There are all sorts of reasons why this is an important time for students to take an interest in cyber issues.
A renowned international humanitarian law and weapons law scholar will teach a course on cyber warfare law to postgraduate students at The Australian National University (ANU) College of Law.
Dr William Boothby, a retired UK Air Commodore who played a central role in the preparation of The Tallinn Manual on the Law of Cyber Warfare, will teach Cyber Warfare Law (LAWS 8035), an intensive course for Master of Laws (LLM) students.
The course explores the extent to which norms of existing law can properly be applied to cyber operations. It draws on elements of general international law, the international law that governs the recourse to armed force and international humanitarian law, all in the specific context of cyber warfare.
“There are all sorts of reasons why this is an important time for students to take an interest in cyber issues including security, warfare and what the law has to say about these topics,” said Dr Boothby.
“The main reason can be summed up as 'the threat'. What in its early days was seen as an almost exclusively 'good thing' – global free access to information via the world wide web, instant communication and so on – is now also seen as involving risk and vulnerability.
Governments are becoming ever more reliant on digital technology, making them more vulnerable to cyber attacks. In 2007, Estonia was attacked by pro-Russian hackers who crippled government servers. Iran’s nuclear power plants were infected by malware first identified in 2010, while cyber attacks in Ukraine targeted the country’s electricity grid in 2015.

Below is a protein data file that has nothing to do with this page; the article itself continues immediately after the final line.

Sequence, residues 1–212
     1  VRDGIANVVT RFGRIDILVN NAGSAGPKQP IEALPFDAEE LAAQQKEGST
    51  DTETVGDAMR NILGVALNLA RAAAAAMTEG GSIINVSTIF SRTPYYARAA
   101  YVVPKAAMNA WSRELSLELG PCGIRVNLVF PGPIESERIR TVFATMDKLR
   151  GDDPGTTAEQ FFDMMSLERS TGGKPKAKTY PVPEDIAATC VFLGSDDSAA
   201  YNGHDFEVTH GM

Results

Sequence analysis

Dr Boothby noted the threat of cyber warfare exists “at all levels” and “takes many forms” including theft, interference with democratic processes, destruction of or interference with databases, data theft, intellectual property theft and other motives.
“My impression is that, in Australia, you have tried hard to adopt a joined-up approach to these matters. Globally, divisions of view about freedom of access to information that date back many decades lie at the core of the differing approaches to how to deal with cyberspace,” he said.
“Indeed, Russia and China even have a different term for the phenomenon, so achieving a common view of how the law applies is always going to be challenging.”
Including a four-day intensive, Cyber Warfare Law will give students an in-depth understanding of the body of international law that regulates international security. Students can also expect to learn the legal principles and rules that apply once an armed conflict is underway, including how these rules apply to practical situations.
“More generally, students will discuss problem scenarios in work groups, and present and discuss solutions in plenary. Maybe, at the end of the course, they will view cyberspace and the world wide web a little differently,” said Dr Boothby.
“Above all, I hope they will enjoy the course. Some may be led into a career, perhaps in cyber security or the development of cyber policy or even in academia. But for those who are not, I hope the course will prove to be intellectually stimulating.”